10 TO WATCH IN 2003:

DBEDT nominee
welcomes challenge

By Tim Ruel

When reminded of Hawaii's business reputation for being expensive and overregulated, Ted Liu gives a pained wince.

Liu, Gov. Linda Lingle's nominee for director of the Department of Business, Economic Development & Tourism, acknowledges the problems and admits there is no guarantee he can mend it all during his tenure.

Ten to watch in 2003
The Star-Bulletin is spotlighting 10 people who may have a big impact on Hawaii this year.

"It's not going to be the next few months; let's make that exceedingly clear," Liu said. "I don't have the solutions at the tip of my tongue. The pressure is on the administration, and we will take it up as a challenge."

Born in Taiwan and raised in Brazil, Liu moved to Hawaii in 2000 after working as a Morgan Stanley investment banker in Taiwan, China and Hong Kong.

Liu, 47, co-founded the private equity firm PacifiCap Group, which stunned the tech world two years ago when it became part of a group that raised $236 million for then- local tech firm Pihana Pacific.

Last week, Liu shied away from his image as a high-tech money man and said he wants the state to help a broad spectrum of small businesses -- in tourism, agriculture, biomedicine and aquaculture, as well as information-technology firms.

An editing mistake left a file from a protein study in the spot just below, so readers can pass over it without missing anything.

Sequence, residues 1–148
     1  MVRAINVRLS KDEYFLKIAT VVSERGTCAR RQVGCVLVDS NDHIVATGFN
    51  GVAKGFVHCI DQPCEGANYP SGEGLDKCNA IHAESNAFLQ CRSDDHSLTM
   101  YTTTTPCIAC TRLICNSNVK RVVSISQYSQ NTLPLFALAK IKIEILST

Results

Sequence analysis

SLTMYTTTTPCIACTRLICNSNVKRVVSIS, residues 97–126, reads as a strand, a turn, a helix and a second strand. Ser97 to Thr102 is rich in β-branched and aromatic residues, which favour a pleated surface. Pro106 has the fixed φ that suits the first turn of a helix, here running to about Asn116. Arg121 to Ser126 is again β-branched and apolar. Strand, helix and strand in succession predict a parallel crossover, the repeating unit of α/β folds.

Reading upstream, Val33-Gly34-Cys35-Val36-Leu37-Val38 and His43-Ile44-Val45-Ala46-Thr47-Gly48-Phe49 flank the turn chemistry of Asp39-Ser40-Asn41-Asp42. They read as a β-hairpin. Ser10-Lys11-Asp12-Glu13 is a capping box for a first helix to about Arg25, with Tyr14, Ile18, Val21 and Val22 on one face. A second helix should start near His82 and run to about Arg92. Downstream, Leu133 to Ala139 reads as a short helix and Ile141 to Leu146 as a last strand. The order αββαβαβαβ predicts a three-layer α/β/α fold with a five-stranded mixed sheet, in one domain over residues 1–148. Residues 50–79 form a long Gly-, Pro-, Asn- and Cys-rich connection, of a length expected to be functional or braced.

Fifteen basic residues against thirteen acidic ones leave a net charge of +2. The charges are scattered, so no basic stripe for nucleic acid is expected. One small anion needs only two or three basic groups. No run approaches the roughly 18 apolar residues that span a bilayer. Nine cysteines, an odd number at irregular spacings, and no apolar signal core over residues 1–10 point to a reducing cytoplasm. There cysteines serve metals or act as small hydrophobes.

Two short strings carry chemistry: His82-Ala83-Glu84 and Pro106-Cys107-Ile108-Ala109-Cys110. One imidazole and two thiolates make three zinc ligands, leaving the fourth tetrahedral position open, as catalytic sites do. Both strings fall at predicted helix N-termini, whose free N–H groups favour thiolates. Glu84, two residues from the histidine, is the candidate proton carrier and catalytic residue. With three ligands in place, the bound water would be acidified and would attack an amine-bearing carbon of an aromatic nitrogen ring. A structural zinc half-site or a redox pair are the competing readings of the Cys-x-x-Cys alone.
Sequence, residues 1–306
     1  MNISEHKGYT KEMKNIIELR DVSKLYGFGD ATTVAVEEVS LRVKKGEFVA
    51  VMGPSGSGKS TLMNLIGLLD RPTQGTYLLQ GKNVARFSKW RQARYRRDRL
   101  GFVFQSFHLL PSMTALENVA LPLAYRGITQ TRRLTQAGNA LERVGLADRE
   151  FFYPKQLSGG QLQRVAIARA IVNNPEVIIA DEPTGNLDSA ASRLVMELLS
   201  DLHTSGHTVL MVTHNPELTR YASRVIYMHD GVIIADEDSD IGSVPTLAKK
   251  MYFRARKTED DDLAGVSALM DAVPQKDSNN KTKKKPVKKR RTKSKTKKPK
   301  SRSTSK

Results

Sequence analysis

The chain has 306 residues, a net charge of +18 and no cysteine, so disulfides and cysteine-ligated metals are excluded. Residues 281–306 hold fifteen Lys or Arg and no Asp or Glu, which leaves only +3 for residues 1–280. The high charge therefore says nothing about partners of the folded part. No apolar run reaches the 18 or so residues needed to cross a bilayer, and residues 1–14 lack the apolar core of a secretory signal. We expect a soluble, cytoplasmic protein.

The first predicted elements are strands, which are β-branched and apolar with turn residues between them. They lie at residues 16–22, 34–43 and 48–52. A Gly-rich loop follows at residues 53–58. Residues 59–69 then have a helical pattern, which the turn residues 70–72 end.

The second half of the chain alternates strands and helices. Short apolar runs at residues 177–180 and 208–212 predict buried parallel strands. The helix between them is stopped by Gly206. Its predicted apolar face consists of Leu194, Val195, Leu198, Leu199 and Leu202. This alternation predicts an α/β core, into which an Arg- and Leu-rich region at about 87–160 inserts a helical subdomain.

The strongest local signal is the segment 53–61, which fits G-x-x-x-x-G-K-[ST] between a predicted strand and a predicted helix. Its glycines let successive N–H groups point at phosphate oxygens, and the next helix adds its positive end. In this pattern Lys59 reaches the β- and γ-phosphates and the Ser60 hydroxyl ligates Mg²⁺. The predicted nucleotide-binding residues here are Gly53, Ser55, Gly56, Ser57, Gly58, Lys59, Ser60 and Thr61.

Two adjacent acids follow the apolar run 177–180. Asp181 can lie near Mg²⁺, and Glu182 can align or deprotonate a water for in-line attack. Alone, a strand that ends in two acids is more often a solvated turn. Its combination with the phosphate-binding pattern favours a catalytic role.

But his short-range goals keep going back to high technology.

Liu said he thinks local companies, including those in tourism, can be more competitive by using technology to boost cost-effectiveness. He seeks growth in technology companies, specifically where the state has advantages, such as the huge military presence here (think computer security) and the University of Hawaii's $150 million school of medicine in Kakaako, which opens in 2005 (science and biotechnology).

Liu wants to fill the void of venture funding in Hawaii, which is seen as a big deterrent to business growth.

And he is also meeting with government officials to get a rundown of all the federal funds and grants that are available to Hawaii businesses. "There's no magic. It's hard work, creative thinking," Liu said.

He said he knows the business community has heard it before: that the regulatory climate is improving, that Hawaii can be seen as a serious place to do business, that technology is the way to broaden the economy.

Liu said he has a reason to be confident that he can do better: Lingle's Republican administration of pro-business people behind him.

"Gov. Lingle is fully committed to this," Liu said.

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